The U4 Anti-Corruption Resource Centre´s call for more EU action to curb corruption in non-EU partner countries hit a European nerve.

The European Parliament report commissioned from U4 earlier this year, points out that development aid is a blind spot for EU anti-corruption efforts. After U4 advisors Johnsøn and Taxell presented their findings to the European Parliament´s Committee on Development on 14 July 2015, the Parliament showed commitment to keep pushing the concern, and invited U4 back to speak at the ACP-EU Joint Parliamentary Assembly meeting on 25 September.

The message was that the EU does not prioritise anti-corruption measures enough – in proportion to the amount development aid they pay out. More in-house expertise, expenditure control, due diligence, and spot checks would lead to less corruption in EU development programmes. Since much funding is implemented by recipient governments and local actors, the EU also needs a coherent anti-corruption strategy that stretches beyond their own organs and neighbourhood.

Amidst pleas to promote tobacco trade and sustainable tourism, ACP parliamentarians added a clear message in support of U4’s latest presentation: their own institutions are not fit for effective financial control of the estimated staggering amounts of complex illicit financial flows – their lost development opportunities.  The ACP delegates repeatedly referred to the Mbeki report (of the High Level Panel on Illicit Financial Flows from Africa) in their calls for more EU action. The Zambian representative confirmed that they are taking steps to address illicit financial flows (IFF) and need stronger administrative capacities to do so, but stressed that the bulk of the solution should come from outside Africa. Above all, they want development partners like the EU to deal with their own financial secrecy jurisdictions.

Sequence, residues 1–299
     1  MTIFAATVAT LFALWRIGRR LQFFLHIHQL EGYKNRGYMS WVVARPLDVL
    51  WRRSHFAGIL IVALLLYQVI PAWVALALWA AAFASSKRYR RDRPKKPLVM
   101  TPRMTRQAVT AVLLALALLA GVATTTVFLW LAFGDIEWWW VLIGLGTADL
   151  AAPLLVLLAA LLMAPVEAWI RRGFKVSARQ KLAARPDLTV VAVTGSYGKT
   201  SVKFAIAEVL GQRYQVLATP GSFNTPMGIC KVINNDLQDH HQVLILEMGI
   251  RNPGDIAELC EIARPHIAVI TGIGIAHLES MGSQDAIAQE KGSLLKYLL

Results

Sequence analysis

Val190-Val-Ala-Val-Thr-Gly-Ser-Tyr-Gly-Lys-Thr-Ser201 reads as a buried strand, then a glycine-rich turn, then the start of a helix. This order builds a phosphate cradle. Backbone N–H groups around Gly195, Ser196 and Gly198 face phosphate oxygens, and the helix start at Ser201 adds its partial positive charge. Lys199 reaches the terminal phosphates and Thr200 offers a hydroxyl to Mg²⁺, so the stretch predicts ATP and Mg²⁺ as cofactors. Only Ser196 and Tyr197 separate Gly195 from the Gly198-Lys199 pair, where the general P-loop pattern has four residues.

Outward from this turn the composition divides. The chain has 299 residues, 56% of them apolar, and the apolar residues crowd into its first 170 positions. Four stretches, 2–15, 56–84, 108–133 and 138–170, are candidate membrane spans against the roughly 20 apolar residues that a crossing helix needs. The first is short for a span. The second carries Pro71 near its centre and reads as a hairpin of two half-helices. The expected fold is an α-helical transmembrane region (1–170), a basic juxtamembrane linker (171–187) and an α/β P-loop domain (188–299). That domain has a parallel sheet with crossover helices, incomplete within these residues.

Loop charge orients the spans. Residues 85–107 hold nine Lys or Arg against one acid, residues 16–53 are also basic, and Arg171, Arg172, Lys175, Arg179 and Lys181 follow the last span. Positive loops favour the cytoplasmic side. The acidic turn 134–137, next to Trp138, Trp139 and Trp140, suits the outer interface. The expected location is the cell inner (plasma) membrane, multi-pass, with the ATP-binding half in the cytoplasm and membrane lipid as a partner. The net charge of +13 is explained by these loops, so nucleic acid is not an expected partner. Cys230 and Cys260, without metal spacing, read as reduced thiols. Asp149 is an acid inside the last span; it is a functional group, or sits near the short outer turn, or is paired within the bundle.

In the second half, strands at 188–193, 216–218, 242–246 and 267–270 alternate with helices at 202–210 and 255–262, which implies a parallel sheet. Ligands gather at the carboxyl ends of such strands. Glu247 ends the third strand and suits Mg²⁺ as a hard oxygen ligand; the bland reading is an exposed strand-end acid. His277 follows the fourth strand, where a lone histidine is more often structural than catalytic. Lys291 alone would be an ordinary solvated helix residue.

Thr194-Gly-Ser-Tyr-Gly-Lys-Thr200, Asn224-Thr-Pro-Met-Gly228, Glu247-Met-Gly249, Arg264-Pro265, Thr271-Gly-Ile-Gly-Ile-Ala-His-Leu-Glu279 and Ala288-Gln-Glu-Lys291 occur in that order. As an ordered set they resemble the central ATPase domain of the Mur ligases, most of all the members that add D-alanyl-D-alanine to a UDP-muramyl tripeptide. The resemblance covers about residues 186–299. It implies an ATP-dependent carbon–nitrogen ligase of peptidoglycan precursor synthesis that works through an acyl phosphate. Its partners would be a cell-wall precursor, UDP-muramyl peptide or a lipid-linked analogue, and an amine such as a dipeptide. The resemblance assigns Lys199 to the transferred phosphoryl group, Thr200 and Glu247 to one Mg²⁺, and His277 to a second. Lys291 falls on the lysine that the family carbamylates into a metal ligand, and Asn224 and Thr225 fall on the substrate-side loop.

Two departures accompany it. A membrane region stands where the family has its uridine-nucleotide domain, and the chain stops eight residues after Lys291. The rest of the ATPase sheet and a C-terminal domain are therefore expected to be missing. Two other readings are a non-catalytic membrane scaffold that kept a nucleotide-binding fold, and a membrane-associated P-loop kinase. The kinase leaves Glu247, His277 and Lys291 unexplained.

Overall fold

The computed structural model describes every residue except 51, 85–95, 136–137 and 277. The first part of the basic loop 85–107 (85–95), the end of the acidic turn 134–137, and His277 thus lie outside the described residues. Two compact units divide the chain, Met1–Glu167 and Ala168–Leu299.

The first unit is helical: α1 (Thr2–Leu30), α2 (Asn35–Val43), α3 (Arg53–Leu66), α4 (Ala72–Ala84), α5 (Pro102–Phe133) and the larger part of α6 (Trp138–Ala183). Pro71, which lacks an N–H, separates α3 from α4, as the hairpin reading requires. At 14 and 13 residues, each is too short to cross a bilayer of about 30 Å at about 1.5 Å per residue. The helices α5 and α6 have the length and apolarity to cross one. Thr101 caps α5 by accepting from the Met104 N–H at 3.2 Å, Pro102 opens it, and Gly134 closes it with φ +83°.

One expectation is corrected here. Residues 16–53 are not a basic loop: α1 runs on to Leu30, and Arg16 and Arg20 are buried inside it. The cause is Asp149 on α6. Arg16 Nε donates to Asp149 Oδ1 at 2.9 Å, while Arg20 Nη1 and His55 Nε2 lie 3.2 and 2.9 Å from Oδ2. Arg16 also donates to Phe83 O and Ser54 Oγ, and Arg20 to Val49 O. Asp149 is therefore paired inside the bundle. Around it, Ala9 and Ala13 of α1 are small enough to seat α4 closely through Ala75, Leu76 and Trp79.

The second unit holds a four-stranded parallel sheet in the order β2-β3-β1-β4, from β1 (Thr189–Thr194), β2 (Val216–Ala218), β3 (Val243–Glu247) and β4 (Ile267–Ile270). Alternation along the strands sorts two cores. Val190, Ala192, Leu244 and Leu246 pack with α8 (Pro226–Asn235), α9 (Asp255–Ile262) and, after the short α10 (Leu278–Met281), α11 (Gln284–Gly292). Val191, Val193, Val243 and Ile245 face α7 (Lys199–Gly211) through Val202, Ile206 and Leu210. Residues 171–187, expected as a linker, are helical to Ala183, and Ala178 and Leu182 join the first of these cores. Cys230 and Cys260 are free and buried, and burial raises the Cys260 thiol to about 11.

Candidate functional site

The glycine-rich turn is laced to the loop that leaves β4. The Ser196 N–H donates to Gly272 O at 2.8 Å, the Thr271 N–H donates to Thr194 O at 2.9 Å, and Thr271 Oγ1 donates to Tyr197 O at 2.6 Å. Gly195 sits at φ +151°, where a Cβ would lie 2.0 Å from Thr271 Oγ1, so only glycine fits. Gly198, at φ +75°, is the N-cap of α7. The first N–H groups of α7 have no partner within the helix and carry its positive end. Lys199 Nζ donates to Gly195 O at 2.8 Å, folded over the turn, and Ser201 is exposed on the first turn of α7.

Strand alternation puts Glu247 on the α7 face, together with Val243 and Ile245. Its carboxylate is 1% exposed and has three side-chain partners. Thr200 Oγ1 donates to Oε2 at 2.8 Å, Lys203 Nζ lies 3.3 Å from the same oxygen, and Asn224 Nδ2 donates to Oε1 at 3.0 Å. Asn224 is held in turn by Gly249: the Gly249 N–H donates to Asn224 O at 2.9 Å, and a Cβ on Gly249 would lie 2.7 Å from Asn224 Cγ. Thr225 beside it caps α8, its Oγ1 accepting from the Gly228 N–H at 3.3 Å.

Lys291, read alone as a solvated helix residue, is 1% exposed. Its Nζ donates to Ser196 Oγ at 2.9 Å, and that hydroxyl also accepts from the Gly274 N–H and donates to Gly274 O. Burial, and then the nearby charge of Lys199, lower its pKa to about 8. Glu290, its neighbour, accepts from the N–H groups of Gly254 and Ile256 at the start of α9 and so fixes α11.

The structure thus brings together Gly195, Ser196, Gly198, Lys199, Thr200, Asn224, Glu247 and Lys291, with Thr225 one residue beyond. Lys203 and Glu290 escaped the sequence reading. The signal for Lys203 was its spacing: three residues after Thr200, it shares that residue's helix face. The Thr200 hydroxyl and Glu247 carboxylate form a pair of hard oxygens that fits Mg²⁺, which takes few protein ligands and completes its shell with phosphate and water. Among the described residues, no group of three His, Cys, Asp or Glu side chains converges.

“We are responsible for our own weaknesses” – the DRC parliamentarian said. To deal with corruption and IFF, DRC and other ACP countries want actors like the EU to come in and help. But take-it-or-leave-it-reforms are too often imposed upon them from outside as though they did not have their own national experts. Extradition, prosecution, and repatriation in IFF cases can only happen through collaboration between developed and developing countries. With this vision in mind, the EU should work with other donors to support the establishment of strong local systems for corruption control. This includes government systems on audits, procurement, and open budgets. Many countries also lack social accountability mechanisms that enable watchdogs and citizens to check the state – another needed component in an EU anti-corruption strategy.

The European Commission representatives from the department of budget support and public finance seemed hesitant to the report findings at the first presentation in July. At the joint ACP-EU meeting of parliamentarians, however, they went much further in embracing U4’s findings, and the need to support development partners more in building stronger national integrity systems. The Commission pledged to increase its efforts to support countries in developing administrative capacities to mobilise domestic taxes and prevent transfer pricing, improve systems for public investment and procurement, and set up strong mechanisms for anti-corruption collaboration with each partner.

The Commission has invited U4 advisors to train EU Commission staff in corruption risk management. This is a step in the right direction to do what it takes to assist staff in national institutions who are tired of being outmanned by corrupt interests at home and abroad.